On-the-fly motion-compensated cone-beam CT using an a priori model of the respiratory motion.
- PubMed: 19610317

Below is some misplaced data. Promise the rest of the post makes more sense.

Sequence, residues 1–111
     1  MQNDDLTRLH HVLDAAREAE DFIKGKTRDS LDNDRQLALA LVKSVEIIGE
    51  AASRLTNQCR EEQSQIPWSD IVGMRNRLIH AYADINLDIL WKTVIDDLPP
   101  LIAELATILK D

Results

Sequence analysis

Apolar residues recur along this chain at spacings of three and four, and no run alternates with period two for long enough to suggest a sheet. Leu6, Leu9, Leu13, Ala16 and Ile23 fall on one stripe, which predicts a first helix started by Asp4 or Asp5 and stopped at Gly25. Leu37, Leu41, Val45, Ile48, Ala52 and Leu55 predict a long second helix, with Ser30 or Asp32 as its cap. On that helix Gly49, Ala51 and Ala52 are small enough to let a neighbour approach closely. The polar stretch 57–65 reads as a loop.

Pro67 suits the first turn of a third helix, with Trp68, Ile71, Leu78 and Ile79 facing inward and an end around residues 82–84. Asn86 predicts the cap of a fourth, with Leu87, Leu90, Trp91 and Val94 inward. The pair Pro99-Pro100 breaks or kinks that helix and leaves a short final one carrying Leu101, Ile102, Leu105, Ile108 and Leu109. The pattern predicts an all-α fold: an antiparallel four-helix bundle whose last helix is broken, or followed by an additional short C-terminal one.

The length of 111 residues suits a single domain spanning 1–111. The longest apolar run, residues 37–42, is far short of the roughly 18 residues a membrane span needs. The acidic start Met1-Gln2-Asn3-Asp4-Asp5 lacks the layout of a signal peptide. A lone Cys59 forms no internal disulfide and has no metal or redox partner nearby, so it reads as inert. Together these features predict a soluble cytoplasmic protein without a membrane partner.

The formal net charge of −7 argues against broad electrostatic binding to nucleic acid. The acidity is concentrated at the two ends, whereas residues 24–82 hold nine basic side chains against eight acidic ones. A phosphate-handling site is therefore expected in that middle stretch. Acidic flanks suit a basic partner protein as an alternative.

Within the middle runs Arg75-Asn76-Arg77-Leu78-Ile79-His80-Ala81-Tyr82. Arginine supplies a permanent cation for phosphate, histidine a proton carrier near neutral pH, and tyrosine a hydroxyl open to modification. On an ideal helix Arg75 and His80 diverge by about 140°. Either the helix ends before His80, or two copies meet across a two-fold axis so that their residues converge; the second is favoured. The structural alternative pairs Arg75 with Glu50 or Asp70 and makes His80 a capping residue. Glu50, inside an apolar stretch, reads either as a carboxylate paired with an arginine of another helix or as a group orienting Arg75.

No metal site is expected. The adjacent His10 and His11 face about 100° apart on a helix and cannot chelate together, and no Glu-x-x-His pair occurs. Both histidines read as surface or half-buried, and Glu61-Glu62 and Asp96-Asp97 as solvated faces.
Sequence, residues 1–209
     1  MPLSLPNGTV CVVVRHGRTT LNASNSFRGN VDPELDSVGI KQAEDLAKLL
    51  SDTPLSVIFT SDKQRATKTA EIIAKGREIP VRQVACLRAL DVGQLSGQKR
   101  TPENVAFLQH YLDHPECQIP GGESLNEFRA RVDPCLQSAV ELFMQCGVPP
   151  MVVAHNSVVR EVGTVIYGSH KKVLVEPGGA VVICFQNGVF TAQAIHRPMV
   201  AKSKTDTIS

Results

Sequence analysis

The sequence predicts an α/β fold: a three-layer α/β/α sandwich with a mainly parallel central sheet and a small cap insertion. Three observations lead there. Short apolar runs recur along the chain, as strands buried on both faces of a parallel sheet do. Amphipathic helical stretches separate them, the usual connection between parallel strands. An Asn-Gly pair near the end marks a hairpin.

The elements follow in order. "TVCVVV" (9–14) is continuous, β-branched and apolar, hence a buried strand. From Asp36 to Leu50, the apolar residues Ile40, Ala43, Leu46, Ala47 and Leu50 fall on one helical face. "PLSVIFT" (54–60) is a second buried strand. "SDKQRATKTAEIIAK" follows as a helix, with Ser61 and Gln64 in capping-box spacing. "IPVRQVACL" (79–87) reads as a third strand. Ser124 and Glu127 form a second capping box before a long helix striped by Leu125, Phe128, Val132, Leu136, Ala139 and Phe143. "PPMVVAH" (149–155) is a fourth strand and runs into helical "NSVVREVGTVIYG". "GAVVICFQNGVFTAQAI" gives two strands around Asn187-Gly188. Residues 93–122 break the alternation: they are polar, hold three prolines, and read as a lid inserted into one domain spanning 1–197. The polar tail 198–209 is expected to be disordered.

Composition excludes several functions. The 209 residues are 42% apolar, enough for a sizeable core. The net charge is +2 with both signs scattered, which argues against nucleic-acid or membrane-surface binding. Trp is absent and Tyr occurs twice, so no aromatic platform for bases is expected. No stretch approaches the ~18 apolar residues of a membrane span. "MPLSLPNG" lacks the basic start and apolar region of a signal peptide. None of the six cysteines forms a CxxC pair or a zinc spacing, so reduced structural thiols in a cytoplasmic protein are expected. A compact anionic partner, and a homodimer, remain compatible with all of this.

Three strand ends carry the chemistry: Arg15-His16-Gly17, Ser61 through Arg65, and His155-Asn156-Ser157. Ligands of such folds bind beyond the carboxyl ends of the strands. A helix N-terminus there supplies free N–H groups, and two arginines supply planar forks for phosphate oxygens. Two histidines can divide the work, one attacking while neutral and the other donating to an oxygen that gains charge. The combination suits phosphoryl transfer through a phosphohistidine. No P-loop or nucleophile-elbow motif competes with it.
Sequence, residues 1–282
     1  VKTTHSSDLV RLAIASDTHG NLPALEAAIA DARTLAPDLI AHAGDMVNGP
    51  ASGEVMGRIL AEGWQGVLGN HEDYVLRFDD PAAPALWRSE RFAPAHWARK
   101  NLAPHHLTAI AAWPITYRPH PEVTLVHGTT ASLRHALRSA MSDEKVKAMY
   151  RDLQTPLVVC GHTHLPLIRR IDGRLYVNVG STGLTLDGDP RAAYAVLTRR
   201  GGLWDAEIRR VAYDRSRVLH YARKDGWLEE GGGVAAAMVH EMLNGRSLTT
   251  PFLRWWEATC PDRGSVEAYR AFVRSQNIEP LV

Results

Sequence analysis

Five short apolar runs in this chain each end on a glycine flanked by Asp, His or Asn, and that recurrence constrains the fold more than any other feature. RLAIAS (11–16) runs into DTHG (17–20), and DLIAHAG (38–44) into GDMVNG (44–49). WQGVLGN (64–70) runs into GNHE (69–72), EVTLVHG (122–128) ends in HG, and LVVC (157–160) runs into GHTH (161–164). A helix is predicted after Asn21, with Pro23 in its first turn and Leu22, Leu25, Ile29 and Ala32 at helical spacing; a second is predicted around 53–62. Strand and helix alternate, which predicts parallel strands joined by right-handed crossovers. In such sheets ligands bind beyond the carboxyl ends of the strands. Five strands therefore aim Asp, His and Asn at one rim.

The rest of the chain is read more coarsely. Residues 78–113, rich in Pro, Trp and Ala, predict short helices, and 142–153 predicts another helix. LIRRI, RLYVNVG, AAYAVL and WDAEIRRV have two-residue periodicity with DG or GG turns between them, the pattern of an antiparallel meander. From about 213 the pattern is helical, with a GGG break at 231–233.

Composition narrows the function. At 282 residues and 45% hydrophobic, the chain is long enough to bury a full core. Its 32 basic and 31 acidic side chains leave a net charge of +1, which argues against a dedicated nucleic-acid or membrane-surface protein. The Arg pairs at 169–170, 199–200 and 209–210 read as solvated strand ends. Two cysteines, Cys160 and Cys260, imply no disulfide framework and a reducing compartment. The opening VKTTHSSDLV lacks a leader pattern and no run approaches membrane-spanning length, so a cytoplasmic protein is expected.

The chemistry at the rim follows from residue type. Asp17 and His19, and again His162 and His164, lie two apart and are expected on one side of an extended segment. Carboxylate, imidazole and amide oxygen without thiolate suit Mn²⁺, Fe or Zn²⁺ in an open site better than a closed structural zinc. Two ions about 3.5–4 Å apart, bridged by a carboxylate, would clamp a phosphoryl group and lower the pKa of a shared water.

Respiratory motion causes artifacts in cone-beam (CB) CT images acquired on slow rotating scanners integrated with linear accelerators. Respiration-correlated CBCT has been proposed to correct for the respiratory motion but only a subset of the CB projections is used to reconstruct each frame of the 4D CBCT image and, therefore, adequate image quality requires long acquisition times. In this article, the authors develop an on-the-fly solution to estimate and compensate for the respiratory motion in the reconstruction of a 3D CBCT image from all the CB projections. An a priori motion model of the patient respiratory cycle is estimated from the 4D planning CT. During the acquisition, the model is correlated with the respiration using a respiratory signal extracted from the CB projections. The estimated motion is next compensated for in an optimized reconstruction algorithm. The motion compensated for is forced to be null on average over the acquisition time to ensure that the compensation results in a CBCT image which describes the mean position of each organ, even if the a priori motion model is inaccurate. Results were assessed on simulated, phantom, and patient data. In all experiments, blur was visually reduced by motion-compensated CBCT. Simulations showed robustness to inaccuracies of the motion model observed on patient data such as amplitude variations, phase shifts, and setup errors, thus proving the efficiency of the compensation using an a priori motion model. Noise and view-aliasing artifacts were lower on motion-compensated CBCT images with 1 min scan than on respiration-correlated CBCT images with 4 min scan. Finally, on-the-fly motion estimation and motion-compensated reconstruction were within the acquisition time of the CB projections and the CBCT image available a few seconds after the end of the acquisition. In conclusion, the authors developed and implemented a method for correcting the respiratory motion during the treatment fractions which can replace respiration-correlated CBCT for improving image quality while decreasing acquisition time.